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Wild Yeast Sourdough Starter

You are a chicken. You think starting your own sourdough is too hard. You think only experts can do it. Not true! There is only one small thing that is the least bit challenging, and that is keeping your starter between 70 and 90º for a few days. Come on smarty. You can figure out how to do that right? Does your oven have a “proof” or “dough” or “rise” function? How about putting it in a cooler with a bowl of warm water, and changing the water from time to time? Maybe you can use an electric blanket set on low? Maybe it is just summer, and warm where you are? In my case, I used my home-built sous vide machine, but this being the only challenge of this recipe, and I leave it to you to figure out. You chicken.

Sourdough Starter

How embarrassing!

What the hell is sourdough anyway? It is a live culture. A mixture of yeast and bacteria that enjoy each other’s company. The yeast eat the starch in  flour, releasing gas (which give baked goods their rise) and pooping out sugars, alcohol, and some interesting flavor compounds. The lactobacillus bacteria eat the sugars released by the yeast, and in turn poop out lactic acid (sour flavor) and some interesting flavor compounds. There is lots and lots and lots on the science and black art of sourdough all over the internets, so I won’t go into it. The point of this recipe is to be easy, basic, and give you a critical building block for several of my other recipes.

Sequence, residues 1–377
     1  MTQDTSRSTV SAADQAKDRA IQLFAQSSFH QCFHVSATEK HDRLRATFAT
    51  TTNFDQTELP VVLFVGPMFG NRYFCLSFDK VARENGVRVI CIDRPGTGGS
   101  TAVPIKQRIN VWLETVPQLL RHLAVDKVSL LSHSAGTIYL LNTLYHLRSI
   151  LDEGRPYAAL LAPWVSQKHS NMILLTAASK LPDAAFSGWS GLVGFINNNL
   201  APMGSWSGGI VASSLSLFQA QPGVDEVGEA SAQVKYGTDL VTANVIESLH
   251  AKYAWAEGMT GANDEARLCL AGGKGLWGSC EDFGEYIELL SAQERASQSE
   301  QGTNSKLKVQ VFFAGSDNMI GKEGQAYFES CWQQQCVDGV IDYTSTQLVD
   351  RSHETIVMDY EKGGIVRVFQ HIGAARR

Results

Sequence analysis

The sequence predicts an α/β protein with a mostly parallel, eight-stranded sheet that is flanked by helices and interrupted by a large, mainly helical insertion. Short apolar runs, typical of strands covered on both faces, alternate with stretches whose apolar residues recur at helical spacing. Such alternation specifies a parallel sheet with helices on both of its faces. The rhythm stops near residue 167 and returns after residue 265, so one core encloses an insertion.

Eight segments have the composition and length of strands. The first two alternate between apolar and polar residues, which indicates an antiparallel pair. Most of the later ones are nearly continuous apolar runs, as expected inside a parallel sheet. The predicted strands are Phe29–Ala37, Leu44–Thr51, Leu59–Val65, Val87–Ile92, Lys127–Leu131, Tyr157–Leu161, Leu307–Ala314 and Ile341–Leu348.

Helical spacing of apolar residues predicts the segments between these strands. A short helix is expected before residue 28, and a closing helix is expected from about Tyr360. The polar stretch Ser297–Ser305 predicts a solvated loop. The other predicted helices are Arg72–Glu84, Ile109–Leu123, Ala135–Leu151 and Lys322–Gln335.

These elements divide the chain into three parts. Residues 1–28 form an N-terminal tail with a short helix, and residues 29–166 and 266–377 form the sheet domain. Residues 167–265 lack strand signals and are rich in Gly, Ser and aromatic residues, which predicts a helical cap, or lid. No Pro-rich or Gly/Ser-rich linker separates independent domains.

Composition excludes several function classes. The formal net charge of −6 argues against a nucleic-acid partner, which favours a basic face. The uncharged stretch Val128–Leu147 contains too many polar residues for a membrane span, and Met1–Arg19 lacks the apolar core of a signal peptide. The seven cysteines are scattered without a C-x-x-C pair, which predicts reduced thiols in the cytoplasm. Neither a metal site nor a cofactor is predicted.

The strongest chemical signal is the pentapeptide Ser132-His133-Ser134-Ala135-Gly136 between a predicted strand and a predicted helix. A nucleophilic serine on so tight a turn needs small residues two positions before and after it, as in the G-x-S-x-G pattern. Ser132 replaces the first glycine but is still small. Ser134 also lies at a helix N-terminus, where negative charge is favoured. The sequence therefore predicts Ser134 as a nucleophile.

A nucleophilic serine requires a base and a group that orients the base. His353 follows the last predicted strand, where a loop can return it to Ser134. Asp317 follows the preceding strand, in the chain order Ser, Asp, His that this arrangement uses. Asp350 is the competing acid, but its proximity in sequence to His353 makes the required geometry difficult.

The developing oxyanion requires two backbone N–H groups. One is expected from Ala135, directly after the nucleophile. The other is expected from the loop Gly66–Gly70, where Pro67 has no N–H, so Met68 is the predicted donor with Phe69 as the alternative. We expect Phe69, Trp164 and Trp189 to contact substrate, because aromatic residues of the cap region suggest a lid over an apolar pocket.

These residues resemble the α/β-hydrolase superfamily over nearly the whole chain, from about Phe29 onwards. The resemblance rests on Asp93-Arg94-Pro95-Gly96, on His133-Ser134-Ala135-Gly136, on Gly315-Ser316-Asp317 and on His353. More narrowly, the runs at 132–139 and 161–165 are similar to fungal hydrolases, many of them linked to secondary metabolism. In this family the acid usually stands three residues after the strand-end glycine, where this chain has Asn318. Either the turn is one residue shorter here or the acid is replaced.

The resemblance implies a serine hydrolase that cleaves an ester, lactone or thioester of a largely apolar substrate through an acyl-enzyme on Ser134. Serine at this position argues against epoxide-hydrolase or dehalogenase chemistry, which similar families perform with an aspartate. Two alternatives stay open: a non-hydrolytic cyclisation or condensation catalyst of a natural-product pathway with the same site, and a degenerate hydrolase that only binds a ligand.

This recipe is dead simple. Flour + water + time @ ~80º = sourdough starter. The vinegar is optional, and simply gives the bacteria the acidic pH environment that they prefer right from the start. Once they are established, they make their own acid (which is why sourdough is sour!). Wait , wait! Where the hell does the yeast and bacteria come from? From the world! From the air, from the flour, from the water! In fact, some people think that if you move a sourdough from, say, San Francisco, to say, Seattle, then start feeding it Seattle flour and Seattle water that in a few months it will no longer be a San Francisco sourdough. It will be a Seattle Sourdough.

I like keeping my starter at 50% flour and 50% water. That way it makes calculating how much water and flour you are adding to a recipe dead simple.

Wild Yeast Sourdough Starter

  1. 200 grams filtered or bottled h20
  2. 200 grams good quality flour
  3. 1 tsp white vinegar

Combine ingredients in a jar, and loosely cover. Let sit for 2 days @ as close to 80º as possible. Ignore vigorous bubbling that may happen in the first day. This will subside. After 2 days, discard roughly half the culture, and add another 100g flour and 100g water. This is called a feeding. You may or may not notice some bubbling on day 3. Keep discarding and replacing half the culture every day until each feeding produces clear, vigorous foaming and bubbling of the culture. Ta-da! You have your own sourdough culture. When it is young, it isn’t likely to be very sour, but over the weeks and months it will sour up.

Once you have a sourdough starter, you can keep in the fridge, in a jar, and just feed it once every 3-4 weeks. When you intend to use some starter, feed it the night before, and leave it on the counter overnight to get it nice and vigorous. When you use some, just replace it with another addition of equal parts flour and water! Easy!